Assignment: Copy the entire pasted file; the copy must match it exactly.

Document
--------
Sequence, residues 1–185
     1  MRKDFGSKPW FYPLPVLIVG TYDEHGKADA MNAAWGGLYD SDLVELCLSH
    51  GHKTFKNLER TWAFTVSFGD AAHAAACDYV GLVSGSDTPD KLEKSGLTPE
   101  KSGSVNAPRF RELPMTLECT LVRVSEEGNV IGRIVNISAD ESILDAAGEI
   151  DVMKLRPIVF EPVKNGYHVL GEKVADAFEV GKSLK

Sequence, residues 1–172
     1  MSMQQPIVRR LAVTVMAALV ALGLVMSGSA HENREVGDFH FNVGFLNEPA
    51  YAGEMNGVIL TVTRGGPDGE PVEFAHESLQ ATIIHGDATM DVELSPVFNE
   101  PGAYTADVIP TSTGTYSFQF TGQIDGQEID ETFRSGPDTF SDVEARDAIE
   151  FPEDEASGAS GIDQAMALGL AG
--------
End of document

Sequence, residues 1–185
     1  MRKDFGSKPW FYPLPVLIVG TYDEHGKADA MNAAWGGLYD SDLVELCLSH
    51  GHKTFKNLER TWAFTVSFGD AAHAAACDYV GLVSGSDTPD KLEKSGLTPE
   101  KSGSVNAPRF RELPMTLECT LVRVSEEGNV IGRIVNISAD ESILDAAGEI
   151  DVMKLRPIVF EPVKNGYHVL GEKVADAFEV GKSLK

Sequence, residues 1–172
     1  MSMQQPIVRR LAVTVMAALV ALGLVMSGSA HENREVGDFH FNVGFLNEPA
    51  YAGEMNGVIL TVTRGGPDGE PVEFAHESLQ ATIIHGDATM DVELSPVFNE
   101  PGAYTADVIP TSTGTYSFQF TGQIDGQEID ETFRSGPDTF SDVEARDAIE
   151  FPEDEASGAS GIDQAMALGL AG